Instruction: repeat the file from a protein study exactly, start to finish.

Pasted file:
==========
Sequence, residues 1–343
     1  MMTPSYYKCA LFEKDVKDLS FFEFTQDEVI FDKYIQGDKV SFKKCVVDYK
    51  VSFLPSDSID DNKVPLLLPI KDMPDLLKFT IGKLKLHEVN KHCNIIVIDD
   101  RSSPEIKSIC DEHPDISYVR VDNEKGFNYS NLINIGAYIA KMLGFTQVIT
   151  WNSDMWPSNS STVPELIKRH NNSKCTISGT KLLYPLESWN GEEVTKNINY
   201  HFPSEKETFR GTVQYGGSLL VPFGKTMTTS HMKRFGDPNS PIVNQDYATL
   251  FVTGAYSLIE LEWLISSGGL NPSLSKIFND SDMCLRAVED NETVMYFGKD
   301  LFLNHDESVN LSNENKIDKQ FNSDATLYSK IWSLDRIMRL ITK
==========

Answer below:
Sequence, residues 1–343
     1  MMTPSYYKCA LFEKDVKDLS FFEFTQDEVI FDKYIQGDKV SFKKCVVDYK
    51  VSFLPSDSID DNKVPLLLPI KDMPDLLKFT IGKLKLHEVN KHCNIIVIDD
   101  RSSPEIKSIC DEHPDISYVR VDNEKGFNYS NLINIGAYIA KMLGFTQVIT
   151  WNSDMWPSNS STVPELIKRH NNSKCTISGT KLLYPLESWN GEEVTKNINY
   201  HFPSEKETFR GTVQYGGSLL VPFGKTMTTS HMKRFGDPNS PIVNQDYATL
   251  FVTGAYSLIE LEWLISSGGL NPSLSKIFND SDMCLRAVED NETVMYFGKD
   301  LFLNHDESVN LSNENKIDKQ FNSDATLYSK IWSLDRIMRL ITK